Talking with the people in our life about what is most important — in our life, and in our health care — can bring us closer together. It also helps us create the foundation of a care plan that’s right for us. But what if someone you care about doesn’t want to have these conversations or is having a hard time getting started?
That’s okay. Don’t force or pressure someone into talking about what matters to them. There are ways to do this informally that might feel more comfortable. Sometimes the idea of one big conversation is overwhelming — instead, you can have a bunch of short conversations. Pay attention to your tone – this is a time to be gentle, curious, and humble.
Here are a few ideas:
- Help the person feel comfortable, both physically and emotionally. These conversations are about them and what matters to them, so put them at the center. For example, if they might prefer a private discussion, don’t bring up these conversations suddenly in public. Pay attention to both their words and their body language, and watch out for signs that they feel stressed or upset.
- Focus on is most important (in life) right now, not on future medical scenarios. Try talking about what’s going in this moment – their current health, circumstances, wants, and needs.
- Pick one question from our guides. Think about which one might feel most important to know the answer to if you need to advocate on this person’s behalf for the health care that is right for them. For example, you might ask this question:
The answer to this one question could be helpful in making lots of different health care decisions, if needed.
- Use current events or TV shows. Jumpstart a conversation by talking about a health care situation happening on television or to a famous person. Ask, “What do you think about that? How would you feel if you were treated that way?”
- Bring up stories from the past. Talk together about a time when someone you love went through a health episode where decisions had to be made. What was it like? Were the person’s wishes known and respected? Stories can be more useful than statistics.
- Make it simple. One community member we worked with said her husband was really uncomfortable talking about his wishes for his health care, but he was willing to answer a few yes/no questions. She finally said to him, “If you couldn’t speak for yourself, I really want to know what to do. Here’s what I think you want….” She listed her assumptions about his wishes and needs. Then she asked, “Is that okay with you?” He confirmed that she had it mostly right and clarified one point. This conversation was over quickly, and she felt a lot of relief after checking her assumptions with him.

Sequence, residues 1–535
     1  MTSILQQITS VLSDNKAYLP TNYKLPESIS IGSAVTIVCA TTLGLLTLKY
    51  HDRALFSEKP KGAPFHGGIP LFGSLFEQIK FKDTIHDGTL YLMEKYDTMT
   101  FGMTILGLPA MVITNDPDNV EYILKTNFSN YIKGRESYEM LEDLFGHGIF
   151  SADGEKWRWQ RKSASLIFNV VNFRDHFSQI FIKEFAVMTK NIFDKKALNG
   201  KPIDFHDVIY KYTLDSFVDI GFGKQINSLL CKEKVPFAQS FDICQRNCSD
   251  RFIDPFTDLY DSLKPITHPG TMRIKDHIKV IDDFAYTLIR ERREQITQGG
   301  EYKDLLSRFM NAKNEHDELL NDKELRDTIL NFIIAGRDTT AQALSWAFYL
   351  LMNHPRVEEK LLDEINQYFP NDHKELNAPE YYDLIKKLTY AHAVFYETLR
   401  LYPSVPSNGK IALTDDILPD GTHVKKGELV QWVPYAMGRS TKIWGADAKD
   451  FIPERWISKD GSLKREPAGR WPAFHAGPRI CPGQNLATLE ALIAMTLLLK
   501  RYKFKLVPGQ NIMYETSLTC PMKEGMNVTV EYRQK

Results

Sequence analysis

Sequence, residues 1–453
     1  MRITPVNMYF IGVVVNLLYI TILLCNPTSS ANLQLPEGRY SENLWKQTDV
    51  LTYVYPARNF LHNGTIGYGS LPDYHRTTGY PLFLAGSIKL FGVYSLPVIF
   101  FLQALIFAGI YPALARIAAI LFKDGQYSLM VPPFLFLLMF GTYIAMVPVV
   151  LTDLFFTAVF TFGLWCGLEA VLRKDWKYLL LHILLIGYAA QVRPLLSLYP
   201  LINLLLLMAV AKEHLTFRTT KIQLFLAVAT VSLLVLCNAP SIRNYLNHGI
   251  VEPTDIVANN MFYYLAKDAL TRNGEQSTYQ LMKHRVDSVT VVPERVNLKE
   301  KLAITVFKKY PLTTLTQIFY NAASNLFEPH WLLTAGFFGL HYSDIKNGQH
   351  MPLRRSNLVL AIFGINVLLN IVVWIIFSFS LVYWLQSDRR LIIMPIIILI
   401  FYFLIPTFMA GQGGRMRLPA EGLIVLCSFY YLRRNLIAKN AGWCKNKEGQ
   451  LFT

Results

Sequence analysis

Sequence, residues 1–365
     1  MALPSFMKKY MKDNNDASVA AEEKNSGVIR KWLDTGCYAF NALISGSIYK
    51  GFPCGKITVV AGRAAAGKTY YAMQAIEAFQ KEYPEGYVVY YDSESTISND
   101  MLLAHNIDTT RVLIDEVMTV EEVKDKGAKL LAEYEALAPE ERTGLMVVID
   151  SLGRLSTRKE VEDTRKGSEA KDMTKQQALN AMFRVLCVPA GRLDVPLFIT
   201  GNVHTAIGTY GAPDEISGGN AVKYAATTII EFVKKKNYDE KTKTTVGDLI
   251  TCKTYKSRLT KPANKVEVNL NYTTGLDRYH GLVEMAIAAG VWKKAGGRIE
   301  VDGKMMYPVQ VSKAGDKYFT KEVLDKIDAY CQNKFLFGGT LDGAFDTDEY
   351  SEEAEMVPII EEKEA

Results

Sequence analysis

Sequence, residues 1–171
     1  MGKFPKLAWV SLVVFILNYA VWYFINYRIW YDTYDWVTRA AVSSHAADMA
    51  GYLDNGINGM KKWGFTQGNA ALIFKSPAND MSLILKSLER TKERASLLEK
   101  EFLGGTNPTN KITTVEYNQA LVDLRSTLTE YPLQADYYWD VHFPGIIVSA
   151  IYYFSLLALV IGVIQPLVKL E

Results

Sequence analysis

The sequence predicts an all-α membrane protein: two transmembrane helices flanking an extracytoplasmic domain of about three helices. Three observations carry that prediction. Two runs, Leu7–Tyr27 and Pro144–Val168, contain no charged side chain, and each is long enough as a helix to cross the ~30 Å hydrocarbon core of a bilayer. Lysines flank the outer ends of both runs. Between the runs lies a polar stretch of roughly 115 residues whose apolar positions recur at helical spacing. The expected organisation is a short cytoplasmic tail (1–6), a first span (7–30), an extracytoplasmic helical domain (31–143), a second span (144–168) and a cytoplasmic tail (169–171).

- Confirm who will make decisions. Maybe the person isn’t willing or able to talk about their wishes, but can say who they want to be responsible for advocating on their behalf if needed. Try saying, “I understand you don’t like talking about this. Are you comfortable with me making decisions if you can’t speak for yourself? Is there someone else you want to make decisions?”
For example, one woman shared that she didn’t have preferences for her care. What she wanted was for her adult children to make decisions using their best judgment if she was unable to speak for herself.For resources that might help your person pick a proxy — someone who would make decisions about health care if the person could not make those decisions themselves — read our guide to choosing a proxy.
- Keep an open mind. Listen to what matters most to them and keep those wishes at the center of these conversations, even if it’s not what you would choose for yourself. Do your best not to pass judgement. Don’t try to convince the person to choose something else.
- Offer to talk more than once. This is an ongoing conversation and wishes can change overtime. Help your person feel confident that they can adjust if they want to or if they get new information about their situation.
- Walk the walk. Show that YOU have had conversations about what matters for you and your health. Doing it yourself can encourage your person to join you — and it can help you have empathy when you’re on the other side of these conversations.
- Try some of these phrases. Use whatever language feels right to you that might help your person be more comfortable. For example:
- “I need your help with something.”
- “What does a good day look like for you?”
- “I want to make sure I know how you feel.”
- “There are no ‘right’ or ‘wrong’ answers.”
- “We’ll figure this out together.”
If your person really doesn’t want to talk, you may take a pause. You can still leave the door open for possible conversations in the future. You might say:
- “Sounds like you don’t want to talk about this right now. I’m going to respect that.”
- “Most of all, I want you to know that I’m here for you and want to be sure your wishes are honored. If you’re up for it another time, I am really eager to understand your wishes. For example, you could send an email to me later, pick someone else to talk to, or bring a note to talk about with your doctor.”
It’s a balance to bring up these conversations again without overdoing it. It doesn’t help anyone to pester your person over and over. If they really don’t want to talk about this, please be kind to yourself. Remember that you tried. You can’t force anyone to talk if they don’t want to.
What has been helpful for you to engage people you care about in talking about what is most important to them? Share in the comments below.
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